Monday, 14 August 2017

Discovery of new prostate cancer biomarkers could improve precision therapy

Mayo Clinic researchers have identified a new cause of treatment resistance in prostate cancer. Their discovery also suggests ways to improve prostate cancer therapy. The findings appear in Nature Medicine.
In the publication, the authors explain the role of mutations in the SPOP gene on the development of resistance to one class of drugs. SPOP mutations are the most frequent genetic changes seen in primary prostate cancer. These mutations play a central role in the development of resistance to drugs called BET-inhibitors.
BET, bromodomain and extra-terminal domain, inhibitors are drugs that prevent the action of BET proteins. These proteins help guide the abnormal growth of cancer cells.
As a therapy, BET-inhibitors are promising, but drug resistance often develops, says Haojie Huang, Ph.D., senior author and a molecular biologist within Mayo Clinic's Center for Biomedical Discovery. Prostate cancer is among the most diagnosed malignancies in the United States. It is also the third leading cause of cancer death in American men, according to the American Cancer Society. Because of this, says Dr. Huang, improving treatments for prostate cancer is an important public health goal.
In the publication, the authors report SPOP mutations stabilize BET proteins against the action of BET-inhibitors. By this action, the mutations also promote cancer cell proliferation, invasion, and survival.
"These findings have important implications for prostate cancer treatment because SPOP mutation or elevated BET protein expression can now be used as biomarkers to improve the outcome of BET inhibitor-oriented therapy of prostate cancer with SPOP mutation or BET protein overexpression," says Dr. Huang. Mutations in the SPOP gene can then be used to guide administration of anticancer drugs in patients with prostate cancer: The Nature Medicine publication presents four major discoveries:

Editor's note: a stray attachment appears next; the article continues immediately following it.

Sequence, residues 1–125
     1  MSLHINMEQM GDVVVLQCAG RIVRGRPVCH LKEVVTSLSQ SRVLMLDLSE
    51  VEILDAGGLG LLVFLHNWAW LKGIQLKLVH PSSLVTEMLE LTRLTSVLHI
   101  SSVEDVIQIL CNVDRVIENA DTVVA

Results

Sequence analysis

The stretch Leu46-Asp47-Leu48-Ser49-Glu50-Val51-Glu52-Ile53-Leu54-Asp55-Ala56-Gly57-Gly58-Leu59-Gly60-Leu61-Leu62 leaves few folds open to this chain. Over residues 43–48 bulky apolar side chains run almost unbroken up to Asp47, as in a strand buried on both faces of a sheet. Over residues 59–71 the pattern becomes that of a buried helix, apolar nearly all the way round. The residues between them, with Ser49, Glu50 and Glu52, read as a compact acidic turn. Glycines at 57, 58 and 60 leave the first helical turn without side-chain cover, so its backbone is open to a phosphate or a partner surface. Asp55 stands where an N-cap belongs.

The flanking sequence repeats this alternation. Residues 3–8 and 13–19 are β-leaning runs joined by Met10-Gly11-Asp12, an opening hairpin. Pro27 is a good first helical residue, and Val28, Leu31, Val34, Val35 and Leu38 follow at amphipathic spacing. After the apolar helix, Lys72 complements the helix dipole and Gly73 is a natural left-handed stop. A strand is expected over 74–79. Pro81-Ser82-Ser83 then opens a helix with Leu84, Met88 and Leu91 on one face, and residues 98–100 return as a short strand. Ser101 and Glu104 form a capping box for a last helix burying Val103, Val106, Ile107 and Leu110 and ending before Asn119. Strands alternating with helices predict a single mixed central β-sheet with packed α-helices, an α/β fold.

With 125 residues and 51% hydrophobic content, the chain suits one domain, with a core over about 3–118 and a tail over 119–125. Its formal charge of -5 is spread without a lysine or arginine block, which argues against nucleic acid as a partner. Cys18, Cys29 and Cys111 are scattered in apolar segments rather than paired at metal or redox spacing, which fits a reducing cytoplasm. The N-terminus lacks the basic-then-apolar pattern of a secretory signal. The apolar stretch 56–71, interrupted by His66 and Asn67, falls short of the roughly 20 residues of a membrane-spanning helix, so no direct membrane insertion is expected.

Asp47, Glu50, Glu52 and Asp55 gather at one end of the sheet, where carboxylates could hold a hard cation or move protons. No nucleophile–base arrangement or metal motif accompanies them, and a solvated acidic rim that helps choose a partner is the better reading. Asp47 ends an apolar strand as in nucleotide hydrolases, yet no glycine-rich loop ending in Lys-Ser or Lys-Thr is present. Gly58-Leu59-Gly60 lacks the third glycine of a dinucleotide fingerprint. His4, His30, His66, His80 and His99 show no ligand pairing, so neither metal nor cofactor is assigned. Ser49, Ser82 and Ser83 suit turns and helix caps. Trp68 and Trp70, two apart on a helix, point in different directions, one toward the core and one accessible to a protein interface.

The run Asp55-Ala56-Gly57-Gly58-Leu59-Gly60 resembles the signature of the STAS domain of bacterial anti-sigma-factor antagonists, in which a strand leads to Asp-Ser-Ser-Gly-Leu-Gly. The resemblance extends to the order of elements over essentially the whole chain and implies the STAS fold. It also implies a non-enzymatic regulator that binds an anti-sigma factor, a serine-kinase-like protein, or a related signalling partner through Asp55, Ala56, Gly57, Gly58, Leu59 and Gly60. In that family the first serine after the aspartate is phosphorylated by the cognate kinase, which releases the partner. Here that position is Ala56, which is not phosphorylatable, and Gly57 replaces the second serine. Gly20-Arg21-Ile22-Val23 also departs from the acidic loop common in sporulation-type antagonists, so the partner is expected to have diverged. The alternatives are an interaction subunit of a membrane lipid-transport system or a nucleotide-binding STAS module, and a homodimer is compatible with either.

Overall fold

• BET proteins (BRD2, BRD3, and BRD4) are true degradation substrates of SPOP.
  • SPOP mutations cause elevation of BET proteins in prostate cancer patient specimens.
  • Expression of SPOP mutants leads to BET-inhibitor resistance and activation the AKT-mTORC1 pathway that promotes cancer cell growth and survival.
  • Co-administration of AKT inhibitors overcomes BET inhibitor resistance in SPOP-mutated prostate cancer. Mayo Clinic Ventures, the technology commercialization arm of Mayo Clinic, has a patent application in place for this promising prostate cancer biomarker and therapeutic technology.

Story Source:
Materials provided by Mayo Clinic August 2017

Sunday, 6 August 2017

The robot that could cure your prostate cancer

A guide to the other advances helping win the war against this disease feared by men


     Thirty men a day in the UK die of prostate cancer. It is a gloomy statistic – yet talk to experts in the field and the mood is anything but pessimistic. In fact, there is a sense that science is on the verge of turning the disease from one to be feared to little more than a chronic illness controlled with drugs, like asthma or diabetes.

Survival rates are better than ever: the number of deaths keeps falling and ten years after diagnosis, 84 per cent of men are still alive.
From more accurate screening and less invasive diagnostic techniques to robotic surgery and targeted drugs, huge advances in treatments also mean men are more likely to be cured, and less likely to be left impotent or incontinent – the big worries for most.
Surgeon Christopher Ogden with the da Vinci Xi surgical robot that he uses to perform robotic prostatectomy at the Royal Marsden Hospital, London